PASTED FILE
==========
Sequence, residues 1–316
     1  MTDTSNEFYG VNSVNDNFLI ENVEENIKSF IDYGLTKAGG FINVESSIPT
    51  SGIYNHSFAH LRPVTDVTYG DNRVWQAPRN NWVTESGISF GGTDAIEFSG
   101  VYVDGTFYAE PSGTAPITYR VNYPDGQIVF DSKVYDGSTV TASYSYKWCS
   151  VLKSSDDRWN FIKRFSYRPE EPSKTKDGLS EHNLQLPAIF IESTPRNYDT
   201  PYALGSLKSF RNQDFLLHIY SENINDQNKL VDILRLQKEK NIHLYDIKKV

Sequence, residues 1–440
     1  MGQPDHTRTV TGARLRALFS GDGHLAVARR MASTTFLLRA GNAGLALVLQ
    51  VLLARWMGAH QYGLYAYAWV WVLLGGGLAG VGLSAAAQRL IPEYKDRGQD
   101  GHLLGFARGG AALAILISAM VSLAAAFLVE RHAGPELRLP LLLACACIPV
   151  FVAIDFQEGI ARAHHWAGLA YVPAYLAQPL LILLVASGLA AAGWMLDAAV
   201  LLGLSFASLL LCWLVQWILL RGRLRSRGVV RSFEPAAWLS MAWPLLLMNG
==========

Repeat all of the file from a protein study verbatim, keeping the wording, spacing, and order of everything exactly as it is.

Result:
Sequence, residues 1–316
     1  MTDTSNEFYG VNSVNDNFLI ENVEENIKSF IDYGLTKAGG FINVESSIPT
    51  SGIYNHSFAH LRPVTDVTYG DNRVWQAPRN NWVTESGISF GGTDAIEFSG
   101  VYVDGTFYAE PSGTAPITYR VNYPDGQIVF DSKVYDGSTV TASYSYKWCS
   151  VLKSSDDRWN FIKRFSYRPE EPSKTKDGLS EHNLQLPAIF IESTPRNYDT
   201  PYALGSLKSF RNQDFLLHIY SENINDQNKL VDILRLQKEK NIHLYDIKKV

Sequence, residues 1–440
     1  MGQPDHTRTV TGARLRALFS GDGHLAVARR MASTTFLLRA GNAGLALVLQ
    51  VLLARWMGAH QYGLYAYAWV WVLLGGGLAG VGLSAAAQRL IPEYKDRGQD
   101  GHLLGFARGG AALAILISAM VSLAAAFLVE RHAGPELRLP LLLACACIPV
   151  FVAIDFQEGI ARAHHWAGLA YVPAYLAQPL LILLVASGLA AAGWMLDAAV
   201  LLGLSFASLL LCWLVQWILL RGRLRSRGVV RSFEPAAWLS MAWPLLLMNG